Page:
|US6847287||Jun 11, 2001||Jan 25, 2005||Linear Corporation||Transmitter-receiver control system for an actuator and method|
|US6943511 *||Feb 9, 2004||Sep 13, 2005||Mechanical Ingenuity Corp||Electronic industrial motor operator control system|
|US6980655||Oct 17, 2001||Dec 27, 2005||The Chamberlain Group, Inc.||Rolling code security system|
|US6985472||Nov 4, 2003||Jan 10, 2006||Microchip Technology Incorporated||Method of communication using an encoder microchip and a decoder microchip|
|US7102502||Nov 27, 2002||Sep 5, 2006||Somfy Sas||Method for constituting a home automation network|
|US7107040||Feb 11, 2002||Sep 12, 2006||The Chamberlain Group, Inc.||Method and apparatus for displaying blocked transmitter information|
|US7342368 *||Sep 12, 2002||Mar 11, 2008||Roman Ronald J||Automated garage door closer|
|US7412056||Sep 29, 2003||Aug 12, 2008||The Chamberlain Group, Inc.||Rolling code security system|
|US7492898||Jul 2, 2004||Feb 17, 2009||The Chamberlain Group, Inc.||Rolling code security system|
|US7492905||Aug 14, 2002||Feb 17, 2009||The Chamberlain Group, Inc.||Rolling code security system|
|US7529939||Dec 14, 2001||May 5, 2009||Azoteq Pty Ltd.||Method of and apparatus for transferring data|
|US7623663||Dec 21, 2005||Nov 24, 2009||The Chamberlain Group, Inc.||Rolling code security system|
|US8194856||Jul 22, 2008||Jun 5, 2012||The Chamberlain Group, Inc.||Rolling code security system|
|US8228165 *||Mar 2, 2007||Jul 24, 2012||Nice S.P.A.||Radio receiver and transmitter apparatus for radio-controlled automation systems for opening/closure|
|US8233625||Jul 22, 2008||Jul 31, 2012||The Chamberlain Group, Inc.||Rolling code security system|
|US8284021||Jul 22, 2008||Oct 9, 2012||The Chamberlain Group, Inc.||Rolling code security system|
|US8633797||Sep 26, 2012||Jan 21, 2014||The Chamberlain Group, Inc.||Rolling code security system|
|US8992475||Feb 1, 2007||Mar 31, 2015||Medtronic Minimed, Inc.||External infusion device with remote programming, bolus estimator and/or vibration alarm capabilities|
|US9415157||Feb 1, 2007||Aug 16, 2016||Medtronic Minimed, Inc.||External infusion device with remote programming, bolus estimator and/or vibration alarm capabilities|
|US20020110242 *||Dec 14, 2001||Aug 15, 2002||Bruwer Frederick Johannes||Method of and apparatus for transferring data|
|US20030071590 *||Sep 12, 2002||Apr 17, 2003||The Chamberlain Group, Inc.||Automated garage door closer|
|US20030111172 *||Dec 13, 2001||Jun 19, 2003||Devers Lawrence N.||Wood panel clamping tool|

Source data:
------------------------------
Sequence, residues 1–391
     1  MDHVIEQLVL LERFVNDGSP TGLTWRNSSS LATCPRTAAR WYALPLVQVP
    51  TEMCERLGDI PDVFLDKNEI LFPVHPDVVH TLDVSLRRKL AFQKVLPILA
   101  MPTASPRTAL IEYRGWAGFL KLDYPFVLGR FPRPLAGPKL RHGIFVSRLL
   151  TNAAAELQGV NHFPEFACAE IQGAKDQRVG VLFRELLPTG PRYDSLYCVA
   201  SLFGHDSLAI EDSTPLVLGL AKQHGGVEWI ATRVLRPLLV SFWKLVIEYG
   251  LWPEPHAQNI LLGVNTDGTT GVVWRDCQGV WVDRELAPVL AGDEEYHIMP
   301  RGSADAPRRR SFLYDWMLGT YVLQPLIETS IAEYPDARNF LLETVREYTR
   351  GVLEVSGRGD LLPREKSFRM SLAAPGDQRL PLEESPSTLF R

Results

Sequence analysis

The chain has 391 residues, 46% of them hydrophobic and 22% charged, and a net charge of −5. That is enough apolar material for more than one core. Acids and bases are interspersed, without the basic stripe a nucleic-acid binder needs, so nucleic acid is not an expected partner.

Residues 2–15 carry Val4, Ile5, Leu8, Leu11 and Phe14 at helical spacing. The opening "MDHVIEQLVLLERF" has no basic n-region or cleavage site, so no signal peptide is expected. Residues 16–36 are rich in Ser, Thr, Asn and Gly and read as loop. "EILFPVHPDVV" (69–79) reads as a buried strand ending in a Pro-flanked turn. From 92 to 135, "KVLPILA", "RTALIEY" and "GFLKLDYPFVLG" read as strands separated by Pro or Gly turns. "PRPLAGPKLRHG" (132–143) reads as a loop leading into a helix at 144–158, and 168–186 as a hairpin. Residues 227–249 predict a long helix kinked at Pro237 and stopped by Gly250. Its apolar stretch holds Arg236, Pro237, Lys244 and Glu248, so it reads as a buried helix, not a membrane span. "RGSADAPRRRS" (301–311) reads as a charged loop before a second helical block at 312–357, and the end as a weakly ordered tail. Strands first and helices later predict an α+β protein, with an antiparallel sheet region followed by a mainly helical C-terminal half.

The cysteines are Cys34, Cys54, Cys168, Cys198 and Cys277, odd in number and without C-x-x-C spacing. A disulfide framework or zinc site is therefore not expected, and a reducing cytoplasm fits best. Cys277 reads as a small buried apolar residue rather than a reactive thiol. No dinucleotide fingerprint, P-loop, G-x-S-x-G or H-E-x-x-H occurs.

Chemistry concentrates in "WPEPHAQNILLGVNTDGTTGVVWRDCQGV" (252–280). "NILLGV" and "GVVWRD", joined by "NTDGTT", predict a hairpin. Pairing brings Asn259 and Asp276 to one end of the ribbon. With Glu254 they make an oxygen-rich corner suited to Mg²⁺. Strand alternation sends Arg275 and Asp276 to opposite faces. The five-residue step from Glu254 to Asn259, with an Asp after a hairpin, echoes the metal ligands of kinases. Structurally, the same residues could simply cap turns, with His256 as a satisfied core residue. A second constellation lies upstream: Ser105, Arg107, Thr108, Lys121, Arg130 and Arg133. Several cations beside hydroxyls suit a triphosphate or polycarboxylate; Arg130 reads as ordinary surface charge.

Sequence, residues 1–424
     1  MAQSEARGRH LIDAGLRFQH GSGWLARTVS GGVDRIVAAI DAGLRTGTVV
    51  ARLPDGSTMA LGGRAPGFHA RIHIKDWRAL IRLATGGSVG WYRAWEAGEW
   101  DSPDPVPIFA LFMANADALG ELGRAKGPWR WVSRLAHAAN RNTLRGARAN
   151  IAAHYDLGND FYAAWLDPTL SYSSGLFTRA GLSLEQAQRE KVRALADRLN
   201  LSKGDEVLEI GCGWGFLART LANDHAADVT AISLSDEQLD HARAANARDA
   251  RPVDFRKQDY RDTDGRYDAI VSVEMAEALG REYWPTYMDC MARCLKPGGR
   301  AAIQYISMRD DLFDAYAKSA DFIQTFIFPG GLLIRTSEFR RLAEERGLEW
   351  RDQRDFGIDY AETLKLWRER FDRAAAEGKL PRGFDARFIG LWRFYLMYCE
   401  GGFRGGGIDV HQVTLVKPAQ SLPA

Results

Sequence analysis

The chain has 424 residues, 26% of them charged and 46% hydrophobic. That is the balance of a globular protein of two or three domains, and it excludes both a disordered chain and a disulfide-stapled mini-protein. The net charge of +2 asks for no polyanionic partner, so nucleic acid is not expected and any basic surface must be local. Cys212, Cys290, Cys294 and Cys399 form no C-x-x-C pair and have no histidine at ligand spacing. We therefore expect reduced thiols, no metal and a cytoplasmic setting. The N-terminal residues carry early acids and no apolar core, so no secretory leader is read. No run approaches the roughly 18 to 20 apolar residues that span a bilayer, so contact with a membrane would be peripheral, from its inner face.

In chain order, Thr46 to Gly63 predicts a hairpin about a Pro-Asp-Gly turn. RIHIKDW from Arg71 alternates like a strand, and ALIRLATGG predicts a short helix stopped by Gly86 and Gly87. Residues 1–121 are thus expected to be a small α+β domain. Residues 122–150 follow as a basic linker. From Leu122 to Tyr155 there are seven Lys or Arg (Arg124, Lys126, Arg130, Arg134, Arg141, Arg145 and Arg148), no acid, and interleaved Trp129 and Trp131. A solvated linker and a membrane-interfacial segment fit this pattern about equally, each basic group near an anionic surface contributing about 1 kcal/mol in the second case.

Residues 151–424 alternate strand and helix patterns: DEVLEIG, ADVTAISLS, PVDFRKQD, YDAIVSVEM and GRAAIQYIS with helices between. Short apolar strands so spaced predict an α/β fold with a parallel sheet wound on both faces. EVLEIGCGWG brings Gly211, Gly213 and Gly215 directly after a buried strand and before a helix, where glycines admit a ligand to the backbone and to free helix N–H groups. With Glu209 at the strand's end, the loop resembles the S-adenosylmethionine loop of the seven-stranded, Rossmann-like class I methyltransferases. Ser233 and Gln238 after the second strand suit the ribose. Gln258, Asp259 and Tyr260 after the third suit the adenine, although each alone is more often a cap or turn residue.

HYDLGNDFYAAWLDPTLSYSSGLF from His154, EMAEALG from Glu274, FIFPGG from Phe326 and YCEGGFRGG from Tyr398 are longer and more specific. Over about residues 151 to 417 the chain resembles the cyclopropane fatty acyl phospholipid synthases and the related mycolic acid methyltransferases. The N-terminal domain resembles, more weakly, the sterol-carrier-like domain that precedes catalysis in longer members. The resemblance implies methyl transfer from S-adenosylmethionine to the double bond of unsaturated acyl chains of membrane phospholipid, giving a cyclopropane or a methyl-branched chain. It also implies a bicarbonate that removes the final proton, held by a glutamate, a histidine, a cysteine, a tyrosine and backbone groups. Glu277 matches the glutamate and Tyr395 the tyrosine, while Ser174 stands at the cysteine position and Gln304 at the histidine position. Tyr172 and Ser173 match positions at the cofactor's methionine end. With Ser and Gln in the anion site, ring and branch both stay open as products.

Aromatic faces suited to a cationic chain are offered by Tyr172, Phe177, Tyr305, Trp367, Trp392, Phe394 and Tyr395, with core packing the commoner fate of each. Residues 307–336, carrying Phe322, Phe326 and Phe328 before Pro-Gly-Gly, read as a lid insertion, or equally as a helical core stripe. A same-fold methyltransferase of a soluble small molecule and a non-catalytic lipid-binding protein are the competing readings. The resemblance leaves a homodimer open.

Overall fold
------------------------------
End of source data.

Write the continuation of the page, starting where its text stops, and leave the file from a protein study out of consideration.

|US20040066936 *||Sep 29, 2003||Apr 8, 2004||The Chamberlain Group, Ltd.||Rolling code security system|
|US20040085185 *||Oct 24, 2003||May 6, 2004||Overhead Door Corporation||Remote controlled garage door opening system|
|US20040093500 *||Nov 4, 2003||May 13, 2004||Microchip Technology Incorporated||Method of communication using an encoder microchip and a decoder microchip|
|US20040243813 *||Jul 2, 2004||Dec 2, 2004||The Chamberlain Group, Inc.||Rolling code security system|
|US20040267909 *||Nov 27, 2002||Dec 30, 2004||Capucine Autret||Method for constituting a home automation network|
|US20050174080 *||Feb 9, 2004||Aug 11, 2005||Howard Beckerman||Electronic industrial motor operator control system|
|US20060109978 *||Dec 21, 2005||May 25, 2006||The Chamberlain Group, Inc.||Rolling code security system|
|US20090021348 *||Jul 22, 2008||Jan 22, 2009||The Chamberlain Group, Inc.||Rolling code security system|
|US20090251280 *||Mar 2, 2007||Oct 8, 2009||Nice S.P.A.||Radio Receiver and Transmitter Apparatus for Radio-Controlled Automation Systems for Opening/Closure|
|US20100170569 *||Jun 1, 2007||Jul 8, 2010||Weigen Chen||Automatic sensing system in sanitary wares|
|USRE35364 *||Apr 20, 1995||Oct 29, 1996||The Chamberlain Group, Inc.||Coding system for multiple transmitters and a single receiver for a garage door opener|
|USRE36703 *||Aug 12, 1996||May 16, 2000||The Chamberlain Group, Inc.||Coding system for multiple transmitters and a single receiver for a garage door opener|
|USRE37986||Feb 15, 2000||Feb 11, 2003||The Chamberlain Group, Inc.||Coding system for multiple transmitters and a single receiver|
|DE3625555A1 *||Jul 29, 1986||Apr 30, 1987||Chamberlain Mfg Corp||Vorrichtung zum betaetigen von garagentoren und dgl.|
|DE3690109C2 *||Mar 3, 1986||Jul 21, 1994||Charles R Suska||Vorrichtung zum wahlweisen Betätigen mehrerer Türen|
|EP0688929A2||Jun 21, 1995||Dec 27, 1995||Microchip Technology Inc.||Secure self-learning|
|WO1986005331A1 *||Mar 3, 1986||Sep 12, 1986||Suska Charles R||Overhead doors operating apparatus|
|WO1990006024A1 *||Nov 16, 1989||May 31, 1990||Roland Anton Winston Guth||A communication system|
|U.S. Classification||340/12.5, 49/25, 318/16|
|International Classification||E05F15/16, E05F15/20, G08C19/28, G07C9/00|
|Cooperative Classification||G07C9/00182, G07C2009/00849, G07C9/00817, G08C19/28, G07C2009/00793, G07C2009/00928, E05Y2900/106, E05F15/77, E05F15/668|
|European Classification||E05F15/20E, G07C9/00E16, G07C9/00E2, E05F15/16B, G08C19/28|
|Sep 22, 1986||FPAY||Fee payment|
Year of fee payment: 4
|Oct 4, 1990||FPAY||Fee payment|
Year of fee payment: 8
|Sep 29, 1994||FPAY||Fee payment|
Year of fee payment: 12